All fantastic photography tells a story through imagery, and that applies to architectural photography, too. In order for you, dear visual author, to really share that tale, you need to think about what makes that structure unique.
You might start by doing some research. All major construction projects have a back story, and all of them feature design elements and materials intended to suit a specific purpose. You can often find much of this information with a quick Web search.
With those kinds of details fresh in your mind, you'll likely notice all sorts of new things about a building and then totally revamp your approach. Sure, many people have taken the same wide-angle shots of the adobe church in Ranchos de Taos, New Mexico. But how many photographers have really thought about the clay that makes up adobe and then taken close-up shots of that fascinating texture?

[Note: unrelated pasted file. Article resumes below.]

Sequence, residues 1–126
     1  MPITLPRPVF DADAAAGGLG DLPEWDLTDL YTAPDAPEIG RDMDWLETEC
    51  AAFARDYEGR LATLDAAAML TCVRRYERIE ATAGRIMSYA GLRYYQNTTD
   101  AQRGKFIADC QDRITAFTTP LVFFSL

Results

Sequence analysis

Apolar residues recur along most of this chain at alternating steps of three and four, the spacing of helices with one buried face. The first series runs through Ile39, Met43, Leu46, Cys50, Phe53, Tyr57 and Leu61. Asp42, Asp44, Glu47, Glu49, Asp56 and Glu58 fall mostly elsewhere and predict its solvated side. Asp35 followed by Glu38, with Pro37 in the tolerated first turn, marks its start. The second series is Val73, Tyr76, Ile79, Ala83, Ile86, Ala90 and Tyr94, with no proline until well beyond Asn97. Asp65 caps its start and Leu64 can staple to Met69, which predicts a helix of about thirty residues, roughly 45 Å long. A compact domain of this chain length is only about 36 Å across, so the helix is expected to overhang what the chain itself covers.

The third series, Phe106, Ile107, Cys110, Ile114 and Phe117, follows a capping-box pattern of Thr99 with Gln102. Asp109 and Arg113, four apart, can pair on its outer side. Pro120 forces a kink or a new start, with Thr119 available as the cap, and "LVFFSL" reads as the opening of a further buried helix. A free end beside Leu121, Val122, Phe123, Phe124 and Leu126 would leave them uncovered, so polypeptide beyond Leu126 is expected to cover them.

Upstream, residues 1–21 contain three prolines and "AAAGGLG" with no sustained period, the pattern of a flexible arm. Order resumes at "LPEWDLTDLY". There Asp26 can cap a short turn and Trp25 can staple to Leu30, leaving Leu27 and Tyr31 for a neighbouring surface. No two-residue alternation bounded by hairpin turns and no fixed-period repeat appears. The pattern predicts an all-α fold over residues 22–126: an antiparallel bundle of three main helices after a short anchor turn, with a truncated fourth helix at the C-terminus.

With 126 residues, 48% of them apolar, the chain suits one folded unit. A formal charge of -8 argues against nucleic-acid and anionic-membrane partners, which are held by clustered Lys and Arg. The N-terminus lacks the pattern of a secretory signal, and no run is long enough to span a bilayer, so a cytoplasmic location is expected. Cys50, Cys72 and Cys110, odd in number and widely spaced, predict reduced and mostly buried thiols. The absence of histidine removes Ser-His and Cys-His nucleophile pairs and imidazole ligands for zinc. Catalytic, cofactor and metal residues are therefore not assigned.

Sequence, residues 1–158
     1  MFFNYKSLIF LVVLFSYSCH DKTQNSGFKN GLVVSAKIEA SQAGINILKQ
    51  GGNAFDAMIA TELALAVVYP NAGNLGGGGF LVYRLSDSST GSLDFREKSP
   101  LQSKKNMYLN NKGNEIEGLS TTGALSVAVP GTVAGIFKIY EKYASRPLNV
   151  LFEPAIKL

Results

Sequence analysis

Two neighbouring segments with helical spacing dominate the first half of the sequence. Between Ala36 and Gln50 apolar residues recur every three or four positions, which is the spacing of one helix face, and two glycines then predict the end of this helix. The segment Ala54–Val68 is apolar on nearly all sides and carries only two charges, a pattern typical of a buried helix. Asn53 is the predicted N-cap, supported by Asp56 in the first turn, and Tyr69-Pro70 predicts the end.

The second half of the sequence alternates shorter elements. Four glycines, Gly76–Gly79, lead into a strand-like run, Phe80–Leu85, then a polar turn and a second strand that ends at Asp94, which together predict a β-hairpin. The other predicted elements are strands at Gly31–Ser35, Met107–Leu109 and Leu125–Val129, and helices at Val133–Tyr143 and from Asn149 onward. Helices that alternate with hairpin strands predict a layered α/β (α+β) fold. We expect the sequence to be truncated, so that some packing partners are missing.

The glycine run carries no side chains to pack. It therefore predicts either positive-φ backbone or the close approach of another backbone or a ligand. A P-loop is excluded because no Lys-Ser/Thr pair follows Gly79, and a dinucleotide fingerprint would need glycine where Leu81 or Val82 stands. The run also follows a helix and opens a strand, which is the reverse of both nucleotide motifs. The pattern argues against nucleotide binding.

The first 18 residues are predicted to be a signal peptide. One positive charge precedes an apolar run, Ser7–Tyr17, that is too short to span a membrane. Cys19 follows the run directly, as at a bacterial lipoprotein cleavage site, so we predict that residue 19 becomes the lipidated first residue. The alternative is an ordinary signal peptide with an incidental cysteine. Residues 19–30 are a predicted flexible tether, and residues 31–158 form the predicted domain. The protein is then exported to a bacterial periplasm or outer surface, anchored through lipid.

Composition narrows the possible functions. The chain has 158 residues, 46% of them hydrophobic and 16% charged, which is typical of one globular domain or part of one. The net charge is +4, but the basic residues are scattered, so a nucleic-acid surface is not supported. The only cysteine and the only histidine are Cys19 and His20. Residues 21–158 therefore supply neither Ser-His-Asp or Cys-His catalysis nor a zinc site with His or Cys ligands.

Figure out what makes a structure special. Ponder how that story makes you feel. And then experiment with ways to express those feelings and thoughts in the pictures you make. The more you think about your subject, and the more time you're willing to invest in creating a one-of-a-kind, memorable picture, the more likely it is that you'll find your way.
Don't wait. The best way to learn architectural photography (or any kind) is to jump right in and make as many mistakes as possible. Those little failures will teach you the lessons you need to succeed in ways that you can't even begin to imagine.